News

Marijuana Activists Turn in Signatures to Put Legalization on Ballot

DC voters could make marijuana legal in November.
Activists turned in nearly 3,400 sheets full of signatures. Photograph by Benjamin Freed.

The DC Cannabis Campaign has turned in more than 57,000 signatures in favor of putting a cannabis legalization referendum on November’s ballot—more than twice the signatures from registered voters required by law to get the referendum on the November 4 ballot. While the DC Board of Elections will take the next several weeks to review and validate the signatures, Adam Eidinger, who heads the group, says he is confident DCCC will have no trouble clearing the minimum.

For Eidinger, it will be a come-from-behind win. As late as the end of May, the campaign had barely collected 5,300 validated signatures. Eidinger jokes that he considered trying to steal local Democratic Party operative Tom Lindenfeld away from Muriel Bowser’s primary campaign.

“Every day we put people on the streets,” says Eidinger, who began sending out paid and volunteer canvassers in February. 

Initiative 71, as the legalization question would appear on ballots, makes possession or use of up to two ounces of pot legal, but stops well short of creating the kind of retail weed industry blazing up in Colorado. It would also allow adult residents to keep as many as six marijuana plants at home, three of them flowering with buds. People would be allowed to share their cultivated pot with each other, but without payment.

Eidinger expects that the review could disqualify a high percentage of signers—chiefly DC residents whose listed addresses don’t match their voter registrations, or non-District residents. But without a concerted challenge from a marijuana opponent, Eidinger says, certification is a near guarantee.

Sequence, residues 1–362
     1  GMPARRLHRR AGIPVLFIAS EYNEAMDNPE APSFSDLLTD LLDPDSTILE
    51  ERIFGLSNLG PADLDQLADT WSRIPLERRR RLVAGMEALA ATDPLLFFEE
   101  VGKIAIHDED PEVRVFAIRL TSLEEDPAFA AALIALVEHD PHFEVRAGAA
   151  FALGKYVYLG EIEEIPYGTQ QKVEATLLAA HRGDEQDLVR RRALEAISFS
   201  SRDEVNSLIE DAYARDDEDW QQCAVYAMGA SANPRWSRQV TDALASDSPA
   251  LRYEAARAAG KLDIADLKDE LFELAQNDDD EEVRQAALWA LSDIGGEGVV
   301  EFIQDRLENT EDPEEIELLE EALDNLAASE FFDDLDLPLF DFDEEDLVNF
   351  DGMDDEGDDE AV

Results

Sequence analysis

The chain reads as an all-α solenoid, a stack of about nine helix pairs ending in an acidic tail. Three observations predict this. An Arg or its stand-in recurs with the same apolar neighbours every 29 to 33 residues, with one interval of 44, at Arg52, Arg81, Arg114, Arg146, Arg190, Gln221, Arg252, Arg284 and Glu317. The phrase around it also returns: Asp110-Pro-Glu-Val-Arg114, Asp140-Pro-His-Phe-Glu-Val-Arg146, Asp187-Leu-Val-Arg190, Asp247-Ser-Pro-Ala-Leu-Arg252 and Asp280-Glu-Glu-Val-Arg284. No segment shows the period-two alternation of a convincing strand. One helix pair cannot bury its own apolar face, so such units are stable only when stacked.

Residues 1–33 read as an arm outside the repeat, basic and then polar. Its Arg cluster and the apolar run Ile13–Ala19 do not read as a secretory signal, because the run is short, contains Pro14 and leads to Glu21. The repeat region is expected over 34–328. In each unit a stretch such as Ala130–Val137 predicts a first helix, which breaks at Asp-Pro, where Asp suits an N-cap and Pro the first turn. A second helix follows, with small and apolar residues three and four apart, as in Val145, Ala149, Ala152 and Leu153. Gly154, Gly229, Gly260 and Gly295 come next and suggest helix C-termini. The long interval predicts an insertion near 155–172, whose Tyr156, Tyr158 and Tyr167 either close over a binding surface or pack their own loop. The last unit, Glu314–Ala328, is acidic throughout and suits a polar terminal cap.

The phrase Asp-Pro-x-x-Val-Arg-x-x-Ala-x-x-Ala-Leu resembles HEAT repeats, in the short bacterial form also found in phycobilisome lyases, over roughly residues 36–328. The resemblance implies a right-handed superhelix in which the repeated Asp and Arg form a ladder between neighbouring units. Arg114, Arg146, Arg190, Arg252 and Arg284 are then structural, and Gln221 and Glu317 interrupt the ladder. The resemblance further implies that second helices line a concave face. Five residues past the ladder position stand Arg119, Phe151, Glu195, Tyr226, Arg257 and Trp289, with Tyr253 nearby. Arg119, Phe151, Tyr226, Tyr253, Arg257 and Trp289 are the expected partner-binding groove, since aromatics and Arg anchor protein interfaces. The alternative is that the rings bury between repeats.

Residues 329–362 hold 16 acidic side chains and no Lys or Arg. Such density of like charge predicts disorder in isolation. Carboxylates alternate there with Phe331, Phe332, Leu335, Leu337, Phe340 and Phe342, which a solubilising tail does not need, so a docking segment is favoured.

“We hope the only challenger is Andy Harris,” says Eidinger, referring to the congressman from Maryland who has attached an amendment blocking DC’s marijuana decriminalization law to a House appropriations bill. 

With the signatures handed over to the board of elections, Eidinger is preparing to campaign for the initiative itself. Although its success is likely—a Washington Post poll earlier this year found that 63 percent of DC voters support legal marijuana—the Cannabis Campaign is already printing literature for the fall, but which supporters can put to immediate use. At the Board of Elections today, Eidinger and his fellow activists passed out color leaflets printed on perforated card stock, with each panel designed to be detached and used as filter tips for joints. 

Get Washingtonian’s Daily DC Updates (Not Just Another Political News Roundup)

Questions or comments? You can reach us on Twitter, via e-mail, or by contacting the author directly:
Staff Writer

Benjamin Freed joined Washingtonian in August 2013 and covers politics, business, and media. He was previously the editor of DCist and has also written for Washington City Paper, the New York Times, the New Republic, Slate, and BuzzFeed. He lives in Adams Morgan.